Skip to main content

Key Findings

The utility industry is embracing fundamental transition across the electricity-generation sector.

Coal’s share of power generation will fall to 27 percent next year, down from 39 percent in 2014.

Wind generation, with no fuel cost, and naturalgas-fired plants, which can respond quickly to demand, are pushing coal aside.

Executive Summary

This year will most likely see a record set for coal-fired power capacity retirements in the U.S.

IEEFA expects a total of 15.4 gigawatts (GW) of capacity to close in 2018 through the retirement of 44 units at 22 plants in more than a dozen states.

At least 11GW have already been closed this year, and the retirement trend is on pace to easily exceed the record 14.7GW of coal-fired generation capacity closed in 2015.

Image
Coal-fired electric generation retirements

At the same time, the pace of announcements of future retirements remains brisk.

As of Oct. 24, according to IEEFA’s analysis, an additional 21.4GW of U.S. coal-fired capacity is now set close over the next six years.

IEEFA expects this total to rise significantly. Fully two-thirds of 2018’s retirements were only announced in 2017, a clear indication that utilities have shortened their lead time before closures, and the competitive environment for coal-fired power in the generation marketplace is becoming ever more challenging as the price of renewables continues to fall and as natural gas prices are expected to remain low for the foreseeable future.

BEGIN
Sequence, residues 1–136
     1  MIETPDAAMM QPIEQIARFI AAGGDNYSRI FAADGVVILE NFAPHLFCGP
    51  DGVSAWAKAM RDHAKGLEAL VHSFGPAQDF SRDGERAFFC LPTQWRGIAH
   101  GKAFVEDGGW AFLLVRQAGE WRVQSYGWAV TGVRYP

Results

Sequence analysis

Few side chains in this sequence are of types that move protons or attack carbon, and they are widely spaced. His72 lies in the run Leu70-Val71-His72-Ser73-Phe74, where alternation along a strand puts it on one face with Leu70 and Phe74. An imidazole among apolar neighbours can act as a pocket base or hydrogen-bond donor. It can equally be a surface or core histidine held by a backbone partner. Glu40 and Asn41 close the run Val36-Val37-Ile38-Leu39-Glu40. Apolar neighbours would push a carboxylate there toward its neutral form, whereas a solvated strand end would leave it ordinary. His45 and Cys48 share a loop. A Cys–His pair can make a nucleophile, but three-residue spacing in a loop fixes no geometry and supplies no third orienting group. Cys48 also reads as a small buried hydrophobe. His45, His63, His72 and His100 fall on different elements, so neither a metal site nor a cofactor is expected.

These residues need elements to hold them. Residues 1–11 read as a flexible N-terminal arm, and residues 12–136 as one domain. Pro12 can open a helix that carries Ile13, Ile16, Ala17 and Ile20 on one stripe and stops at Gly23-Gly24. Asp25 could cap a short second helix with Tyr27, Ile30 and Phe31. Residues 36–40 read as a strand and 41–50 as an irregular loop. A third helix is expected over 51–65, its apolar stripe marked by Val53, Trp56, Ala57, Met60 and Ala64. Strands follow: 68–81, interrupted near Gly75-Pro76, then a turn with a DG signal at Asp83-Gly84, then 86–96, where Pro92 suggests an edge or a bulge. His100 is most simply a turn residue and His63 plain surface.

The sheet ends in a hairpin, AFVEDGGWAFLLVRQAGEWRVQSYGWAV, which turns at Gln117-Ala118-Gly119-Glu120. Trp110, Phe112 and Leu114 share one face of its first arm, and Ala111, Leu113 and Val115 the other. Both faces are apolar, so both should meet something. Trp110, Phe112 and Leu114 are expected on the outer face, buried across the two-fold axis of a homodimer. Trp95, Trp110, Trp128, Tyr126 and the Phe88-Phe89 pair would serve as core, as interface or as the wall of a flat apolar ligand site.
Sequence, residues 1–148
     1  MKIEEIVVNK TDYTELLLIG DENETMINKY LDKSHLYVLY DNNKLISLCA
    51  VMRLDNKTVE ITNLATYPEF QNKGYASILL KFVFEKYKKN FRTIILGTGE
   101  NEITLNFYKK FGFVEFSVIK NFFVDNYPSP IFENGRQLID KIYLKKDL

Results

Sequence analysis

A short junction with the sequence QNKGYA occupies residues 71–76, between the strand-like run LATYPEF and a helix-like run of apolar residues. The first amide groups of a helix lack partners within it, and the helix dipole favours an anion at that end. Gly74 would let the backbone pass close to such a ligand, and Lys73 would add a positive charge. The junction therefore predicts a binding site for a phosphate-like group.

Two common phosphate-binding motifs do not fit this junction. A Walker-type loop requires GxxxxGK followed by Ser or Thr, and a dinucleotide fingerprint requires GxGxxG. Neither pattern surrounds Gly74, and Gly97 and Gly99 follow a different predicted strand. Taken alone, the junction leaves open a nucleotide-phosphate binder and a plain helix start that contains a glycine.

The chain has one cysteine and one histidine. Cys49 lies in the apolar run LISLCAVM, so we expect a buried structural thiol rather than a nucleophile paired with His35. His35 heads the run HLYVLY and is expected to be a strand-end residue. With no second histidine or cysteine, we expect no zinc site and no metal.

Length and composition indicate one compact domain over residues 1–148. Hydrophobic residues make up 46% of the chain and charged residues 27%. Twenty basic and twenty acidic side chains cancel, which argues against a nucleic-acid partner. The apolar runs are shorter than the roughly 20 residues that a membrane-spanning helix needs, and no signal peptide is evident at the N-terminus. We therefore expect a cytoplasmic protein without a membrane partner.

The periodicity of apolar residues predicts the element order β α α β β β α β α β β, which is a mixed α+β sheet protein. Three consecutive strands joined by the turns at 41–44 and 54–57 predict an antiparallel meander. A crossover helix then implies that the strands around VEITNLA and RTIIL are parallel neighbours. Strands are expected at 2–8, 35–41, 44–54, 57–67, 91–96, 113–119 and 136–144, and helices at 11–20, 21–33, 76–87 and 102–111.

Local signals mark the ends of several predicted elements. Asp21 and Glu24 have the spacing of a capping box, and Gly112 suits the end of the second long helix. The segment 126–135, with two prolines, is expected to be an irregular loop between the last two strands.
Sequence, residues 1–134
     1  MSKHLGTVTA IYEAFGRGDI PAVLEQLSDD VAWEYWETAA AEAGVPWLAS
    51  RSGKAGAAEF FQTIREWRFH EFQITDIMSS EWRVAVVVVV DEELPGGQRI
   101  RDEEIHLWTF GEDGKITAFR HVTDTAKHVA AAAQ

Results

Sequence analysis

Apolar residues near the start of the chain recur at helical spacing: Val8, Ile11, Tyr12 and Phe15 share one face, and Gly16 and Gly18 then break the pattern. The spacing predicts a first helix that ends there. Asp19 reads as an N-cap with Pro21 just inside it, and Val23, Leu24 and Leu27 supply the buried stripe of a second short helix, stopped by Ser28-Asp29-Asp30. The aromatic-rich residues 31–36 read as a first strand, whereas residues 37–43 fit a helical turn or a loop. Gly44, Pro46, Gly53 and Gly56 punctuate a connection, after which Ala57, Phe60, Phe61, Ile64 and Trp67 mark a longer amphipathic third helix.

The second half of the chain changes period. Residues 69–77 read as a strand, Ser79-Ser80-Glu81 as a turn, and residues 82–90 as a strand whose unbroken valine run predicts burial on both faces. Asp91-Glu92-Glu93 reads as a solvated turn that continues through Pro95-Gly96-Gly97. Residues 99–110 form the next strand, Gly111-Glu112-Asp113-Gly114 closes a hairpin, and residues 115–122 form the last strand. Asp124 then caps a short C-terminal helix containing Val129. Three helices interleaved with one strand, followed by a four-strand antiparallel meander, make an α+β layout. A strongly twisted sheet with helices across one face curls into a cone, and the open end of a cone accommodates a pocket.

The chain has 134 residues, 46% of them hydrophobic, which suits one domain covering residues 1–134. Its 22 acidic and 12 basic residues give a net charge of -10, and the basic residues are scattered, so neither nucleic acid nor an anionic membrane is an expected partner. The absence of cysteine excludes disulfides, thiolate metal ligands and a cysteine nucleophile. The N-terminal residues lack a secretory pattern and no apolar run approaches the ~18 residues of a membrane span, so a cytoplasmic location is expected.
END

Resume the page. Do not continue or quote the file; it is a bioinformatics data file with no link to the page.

Please view full report PDF for references and sources.

Seth Feaster

Seth Feaster is an Energy Data Analyst whose work focuses on the coal industry and the U.S. power sector.

Before joining IEEFA, he created visual presentations at the New York Times for 25 years with a focus on complex financial and energy data; he also worked at The Federal Reserve Bank of New York. 

Go to Profile

Join our newsletter

Keep up to date with all the latest from IEEFA